Optimal detection and attribution of climate change: sensitivity of results to climate model differences
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Fingerprint techniques for the detection of anthropogenic climate change aim to distinguish the climate response to anthropogenic forcing from responses to other external influences and from internal climate variability. All these responses and the characteristics of internal variability are typically estimated from climate model data. We evaluate the sensitivity of detection and attribution results to the use of response and variability estimates from two different coupled ocean atmosphere general circulation models (HadCM2, developed at the Hadley Centre, and ECHAM3/LSG from the MPI für Meteorologie and Deutsches Klimarechenzentrum). The models differ in their response to greenhouse gas and direct sulfate aerosol forcing and also in the structure of their internal variability. This leads to differences in the estimated amplitude and the significance level of anthropogenic signals in observed 50-year summer (June, July, August) surface temperature trends. While the detection of anthropogenic influence on climate is robust to intermodel differences, our ability to discriminate between the greenhouse gas and the sulfate aerosol signals is not. An analysis of the recent warming, and the warming that occurred in the first half of the twentieth century, suggests that simulations forced with combined changes in natural (solar and volcanic) and anthropogenic (greenhouse gas and sulfate aerosol) forcings agree best with the observations.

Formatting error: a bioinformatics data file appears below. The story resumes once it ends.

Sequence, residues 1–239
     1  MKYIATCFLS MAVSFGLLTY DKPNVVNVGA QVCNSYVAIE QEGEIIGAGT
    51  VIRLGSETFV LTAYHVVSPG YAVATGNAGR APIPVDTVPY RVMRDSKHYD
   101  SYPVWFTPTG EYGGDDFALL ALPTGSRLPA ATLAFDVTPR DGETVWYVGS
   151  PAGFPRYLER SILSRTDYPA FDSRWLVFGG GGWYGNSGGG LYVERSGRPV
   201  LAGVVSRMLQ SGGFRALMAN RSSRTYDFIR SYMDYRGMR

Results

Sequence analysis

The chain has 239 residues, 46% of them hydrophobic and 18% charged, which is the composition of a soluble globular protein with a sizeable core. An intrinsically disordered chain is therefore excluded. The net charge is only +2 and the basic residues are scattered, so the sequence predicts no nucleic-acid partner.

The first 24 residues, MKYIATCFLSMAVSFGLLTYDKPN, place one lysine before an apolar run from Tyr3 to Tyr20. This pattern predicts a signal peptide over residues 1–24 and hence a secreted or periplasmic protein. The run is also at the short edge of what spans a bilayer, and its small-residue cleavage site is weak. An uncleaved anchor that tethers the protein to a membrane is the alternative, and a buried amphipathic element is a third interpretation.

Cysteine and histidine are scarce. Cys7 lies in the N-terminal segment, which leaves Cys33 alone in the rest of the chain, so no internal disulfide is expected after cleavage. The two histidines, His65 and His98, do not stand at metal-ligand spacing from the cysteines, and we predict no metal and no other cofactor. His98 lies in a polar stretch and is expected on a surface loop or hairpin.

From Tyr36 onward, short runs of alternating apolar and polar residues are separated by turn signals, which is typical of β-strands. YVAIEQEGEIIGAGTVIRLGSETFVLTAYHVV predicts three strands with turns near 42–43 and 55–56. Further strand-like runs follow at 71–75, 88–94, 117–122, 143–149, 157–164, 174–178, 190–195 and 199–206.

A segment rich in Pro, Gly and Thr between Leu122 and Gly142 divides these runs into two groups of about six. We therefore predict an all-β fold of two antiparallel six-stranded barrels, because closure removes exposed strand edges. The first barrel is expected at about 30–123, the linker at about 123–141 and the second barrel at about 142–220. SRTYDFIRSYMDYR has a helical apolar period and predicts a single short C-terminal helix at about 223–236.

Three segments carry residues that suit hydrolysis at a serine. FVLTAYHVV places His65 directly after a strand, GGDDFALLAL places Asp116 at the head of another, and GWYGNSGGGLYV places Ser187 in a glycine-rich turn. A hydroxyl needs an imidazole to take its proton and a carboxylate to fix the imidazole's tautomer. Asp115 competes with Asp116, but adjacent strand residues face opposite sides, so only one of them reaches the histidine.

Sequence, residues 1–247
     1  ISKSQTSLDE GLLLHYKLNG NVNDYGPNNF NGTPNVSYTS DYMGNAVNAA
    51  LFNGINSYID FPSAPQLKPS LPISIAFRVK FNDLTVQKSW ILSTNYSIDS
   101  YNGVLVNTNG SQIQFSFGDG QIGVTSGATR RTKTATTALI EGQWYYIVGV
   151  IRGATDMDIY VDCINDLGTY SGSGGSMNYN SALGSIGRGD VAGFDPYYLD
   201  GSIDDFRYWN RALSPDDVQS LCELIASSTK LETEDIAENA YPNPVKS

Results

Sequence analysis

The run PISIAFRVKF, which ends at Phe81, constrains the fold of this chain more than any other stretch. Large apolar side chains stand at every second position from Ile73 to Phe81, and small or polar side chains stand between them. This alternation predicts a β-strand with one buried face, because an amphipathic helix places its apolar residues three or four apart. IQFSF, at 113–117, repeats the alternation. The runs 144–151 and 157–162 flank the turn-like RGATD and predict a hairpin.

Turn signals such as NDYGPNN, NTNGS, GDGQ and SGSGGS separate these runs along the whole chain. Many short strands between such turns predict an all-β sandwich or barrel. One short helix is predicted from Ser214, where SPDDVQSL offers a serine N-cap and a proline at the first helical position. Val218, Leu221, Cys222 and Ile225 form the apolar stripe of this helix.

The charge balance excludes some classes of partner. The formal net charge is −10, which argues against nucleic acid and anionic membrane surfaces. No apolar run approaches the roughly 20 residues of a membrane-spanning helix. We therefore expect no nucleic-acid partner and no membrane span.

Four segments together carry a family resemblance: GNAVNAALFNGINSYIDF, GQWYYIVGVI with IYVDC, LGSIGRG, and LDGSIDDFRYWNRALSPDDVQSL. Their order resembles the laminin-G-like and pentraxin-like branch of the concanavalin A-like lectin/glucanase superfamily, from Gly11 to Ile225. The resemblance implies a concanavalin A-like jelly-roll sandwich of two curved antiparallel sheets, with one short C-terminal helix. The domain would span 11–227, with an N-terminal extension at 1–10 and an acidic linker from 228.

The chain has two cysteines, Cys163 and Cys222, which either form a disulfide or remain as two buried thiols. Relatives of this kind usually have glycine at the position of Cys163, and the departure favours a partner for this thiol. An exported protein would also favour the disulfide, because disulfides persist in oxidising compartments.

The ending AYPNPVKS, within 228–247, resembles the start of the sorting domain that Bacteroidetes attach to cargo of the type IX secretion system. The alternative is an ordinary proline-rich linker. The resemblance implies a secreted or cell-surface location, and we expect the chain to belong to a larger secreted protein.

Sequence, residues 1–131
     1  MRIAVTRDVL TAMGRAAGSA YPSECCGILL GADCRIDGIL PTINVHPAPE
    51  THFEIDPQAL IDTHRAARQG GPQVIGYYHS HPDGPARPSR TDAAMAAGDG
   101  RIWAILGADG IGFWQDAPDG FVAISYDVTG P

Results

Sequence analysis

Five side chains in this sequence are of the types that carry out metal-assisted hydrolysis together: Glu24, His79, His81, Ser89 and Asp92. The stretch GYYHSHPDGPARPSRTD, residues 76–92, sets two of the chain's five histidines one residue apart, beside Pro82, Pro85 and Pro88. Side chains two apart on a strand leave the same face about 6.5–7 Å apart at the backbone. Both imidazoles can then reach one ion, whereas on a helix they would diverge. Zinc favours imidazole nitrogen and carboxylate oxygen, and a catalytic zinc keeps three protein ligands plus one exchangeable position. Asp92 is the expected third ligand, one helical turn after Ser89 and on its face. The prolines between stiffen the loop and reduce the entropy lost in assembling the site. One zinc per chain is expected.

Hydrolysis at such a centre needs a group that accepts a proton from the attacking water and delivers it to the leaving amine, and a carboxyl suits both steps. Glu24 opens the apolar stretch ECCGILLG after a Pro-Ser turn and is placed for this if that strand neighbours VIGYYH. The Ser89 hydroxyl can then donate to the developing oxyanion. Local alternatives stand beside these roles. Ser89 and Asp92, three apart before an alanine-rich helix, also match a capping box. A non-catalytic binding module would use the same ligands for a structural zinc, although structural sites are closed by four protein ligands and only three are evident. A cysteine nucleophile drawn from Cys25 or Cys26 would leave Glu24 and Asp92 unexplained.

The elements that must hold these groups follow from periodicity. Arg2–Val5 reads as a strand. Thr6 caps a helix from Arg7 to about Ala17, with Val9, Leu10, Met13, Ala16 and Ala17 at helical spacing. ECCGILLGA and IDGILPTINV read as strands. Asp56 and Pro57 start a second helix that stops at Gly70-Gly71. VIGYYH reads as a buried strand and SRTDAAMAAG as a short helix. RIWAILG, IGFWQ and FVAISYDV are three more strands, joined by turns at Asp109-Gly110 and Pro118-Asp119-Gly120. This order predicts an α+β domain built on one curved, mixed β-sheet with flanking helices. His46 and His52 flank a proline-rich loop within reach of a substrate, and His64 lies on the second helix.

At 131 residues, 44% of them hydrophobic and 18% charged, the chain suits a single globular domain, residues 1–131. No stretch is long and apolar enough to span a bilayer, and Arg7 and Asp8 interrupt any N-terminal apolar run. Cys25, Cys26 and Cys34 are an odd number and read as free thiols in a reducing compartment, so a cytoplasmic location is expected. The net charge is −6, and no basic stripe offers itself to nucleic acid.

KeywordsInternal Variability Sulfate Aerosol Anthropogenic Climate Change Recent Warming Ocean Atmosphere
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